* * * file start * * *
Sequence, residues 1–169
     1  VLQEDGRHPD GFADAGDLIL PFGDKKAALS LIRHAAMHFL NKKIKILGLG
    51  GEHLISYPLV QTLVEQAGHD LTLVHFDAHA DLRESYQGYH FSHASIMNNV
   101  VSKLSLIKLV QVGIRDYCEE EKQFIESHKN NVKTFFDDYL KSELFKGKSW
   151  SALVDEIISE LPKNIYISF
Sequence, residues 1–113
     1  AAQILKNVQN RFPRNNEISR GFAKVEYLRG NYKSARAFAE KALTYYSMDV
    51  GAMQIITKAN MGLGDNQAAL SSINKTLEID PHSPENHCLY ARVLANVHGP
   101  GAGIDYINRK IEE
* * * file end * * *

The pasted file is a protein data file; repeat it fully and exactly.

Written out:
Sequence, residues 1–169
     1  VLQEDGRHPD GFADAGDLIL PFGDKKAALS LIRHAAMHFL NKKIKILGLG
    51  GEHLISYPLV QTLVEQAGHD LTLVHFDAHA DLRESYQGYH FSHASIMNNV
   101  VSKLSLIKLV QVGIRDYCEE EKQFIESHKN NVKTFFDDYL KSELFKGKSW
   151  SALVDEIISE LPKNIYISF
Sequence, residues 1–113
     1  AAQILKNVQN RFPRNNEISR GFAKVEYLRG NYKSARAFAE KALTYYSMDV
    51  GAMQIITKAN MGLGDNQAAL SSINKTLEID PHSPENHCLY ARVLANVHGP
   101  GAGIDYINRK IEE